I need help with Chironomid fishing

Discussion in 'Stillwater' started by Kaiserman, May 18, 2013.

  1. cmann886 Active Member

    Posts: 421
    Richland Wa
    Ratings: +56 / 0
    Dave---I don't have a camera to take a photo of what I have tied, but it is the easiest fly you have ever tied. I cut the V rib on a slight angle to make it easier to tie on to the shank just above the bend. Wrap the V-rib up the shank to near the eye, tie off the V-rib and then either attach an ostrich herl (dub a small amount of white rabbit fur if you don't have ostrich) make 2-6 wraps and tie it off and you are finished.
  2. cmann886 Active Member

    Posts: 421
    Richland Wa
    Ratings: +56 / 0

    slip indicators are very easy to adjust, don't kink the leader as bad as using a thing-a-ma-bobber, and if you are using a really long leader, when you hook a fish, the bobber can move freely on the line so you will have an easier time landing the fish.
  3. Steve Unwin Active Member

    Posts: 327
    Edmonds, WA
    Ratings: +86 / 0
    Thingamaboobers are a pain to adjust as well. Slip indicator is much easier.
  4. Wayne Kohan fish-ician

    Posts: 1,024
    TriCities, WA
    Ratings: +97 / 0

    What Cmann said about the slip strike indicator, it allows you to fish deeper than the length of your fly rod. I have fished and landed fish under an indicator up to about 15 feet or more. If fish are boiling, you can set your fly within inches of your indicator, they don't seem to care. Or go without an indicator, I like to use a dry or emerger on top at that point myself.

    Wayne
  5. zen leecher aka bill w born to work, forced to fish

    Posts: 3,165
    Moses Lake, WA
    Ratings: +973 / 1
    I use the foam pinch on indicators when fishing in shallow or clear water. The heavier slip indicators spook fish with the splash down.
  6. Irafly Active Member

    Posts: 3,621
    Everett, Washington, USA.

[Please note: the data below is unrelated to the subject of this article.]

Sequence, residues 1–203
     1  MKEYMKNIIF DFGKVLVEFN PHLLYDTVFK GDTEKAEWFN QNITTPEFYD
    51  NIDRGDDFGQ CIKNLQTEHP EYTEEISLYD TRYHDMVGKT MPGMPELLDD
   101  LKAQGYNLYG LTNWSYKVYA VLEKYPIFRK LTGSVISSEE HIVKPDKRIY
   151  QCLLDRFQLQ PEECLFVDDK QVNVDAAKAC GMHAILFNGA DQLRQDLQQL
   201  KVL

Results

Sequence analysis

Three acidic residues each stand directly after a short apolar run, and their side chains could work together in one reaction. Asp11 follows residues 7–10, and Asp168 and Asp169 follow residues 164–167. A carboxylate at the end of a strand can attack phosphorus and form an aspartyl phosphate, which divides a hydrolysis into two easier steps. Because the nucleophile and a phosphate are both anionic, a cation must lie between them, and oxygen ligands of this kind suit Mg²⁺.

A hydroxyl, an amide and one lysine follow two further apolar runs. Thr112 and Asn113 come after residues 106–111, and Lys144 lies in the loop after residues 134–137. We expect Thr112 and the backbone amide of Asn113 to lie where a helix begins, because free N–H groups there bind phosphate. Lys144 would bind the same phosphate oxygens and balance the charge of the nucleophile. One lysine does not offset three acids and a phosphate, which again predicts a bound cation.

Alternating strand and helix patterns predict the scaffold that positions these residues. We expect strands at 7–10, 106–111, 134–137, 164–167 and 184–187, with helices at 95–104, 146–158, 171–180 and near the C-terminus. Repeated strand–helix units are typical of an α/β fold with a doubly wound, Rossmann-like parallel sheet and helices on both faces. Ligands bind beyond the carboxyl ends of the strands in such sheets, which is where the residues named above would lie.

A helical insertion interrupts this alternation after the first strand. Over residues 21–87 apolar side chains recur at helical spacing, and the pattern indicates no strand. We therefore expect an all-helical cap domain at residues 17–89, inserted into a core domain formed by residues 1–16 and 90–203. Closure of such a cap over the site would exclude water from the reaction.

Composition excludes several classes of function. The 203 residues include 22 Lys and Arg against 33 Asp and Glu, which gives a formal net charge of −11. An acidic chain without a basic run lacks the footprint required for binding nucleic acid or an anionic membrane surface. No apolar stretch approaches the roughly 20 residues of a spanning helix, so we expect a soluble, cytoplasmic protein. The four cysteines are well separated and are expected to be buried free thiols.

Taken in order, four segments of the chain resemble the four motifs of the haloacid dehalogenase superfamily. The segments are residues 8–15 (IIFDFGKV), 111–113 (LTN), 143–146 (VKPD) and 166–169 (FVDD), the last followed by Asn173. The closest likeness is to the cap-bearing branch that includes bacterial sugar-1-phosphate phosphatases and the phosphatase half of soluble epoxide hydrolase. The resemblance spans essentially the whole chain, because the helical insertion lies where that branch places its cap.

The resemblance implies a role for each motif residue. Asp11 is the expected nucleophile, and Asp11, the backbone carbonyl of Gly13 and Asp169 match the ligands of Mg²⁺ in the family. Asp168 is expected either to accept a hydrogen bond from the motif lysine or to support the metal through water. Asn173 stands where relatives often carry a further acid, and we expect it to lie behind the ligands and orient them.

Ratings: +1,053 / 1
    They do? Funny, I don't seem to have any issues even in really shallow water, but that's just me.
    Gary Knowels and Nick Clayton like this.
  7. Irafly Active Member

    Posts: 3,621
    Everett, Washington, USA.
    Ratings: +1,053 / 1

    Yes it does. I know that paying attention is difficult, but it becomes much easier with two maybe three changes to your indicator set up. First avoid round indicators! Do they work, of course they do but round indicators have 360 degrees of symmetry and you might miss the more subtle takes because you may not notice the indicator turn or for that matter dip a little bit. Instead consider using a tear drop style indicator. Any tiny change in it's directionality either up/down, left/right, pause, causes the indicator to change much more dramatically than with a round indicator. After all that's what they are, indicators and if they are bobbing, you are doing it wrong. Second use a two tone indicator, this will also help you see subtle changes because of the contrast in the colors. I prefer orange and white, but green and white and others will work as well. Lastly don't be afraid to use larger indicators. Tiny indicator become much harder to see if there is even a little bit of chop or light change and they are also harder to see in your peripherel vision during those times that you glance away. I currently use an indicator that is about an 1 1/4" long, and ask those who fish with me, I have no trouble scaring fish with them.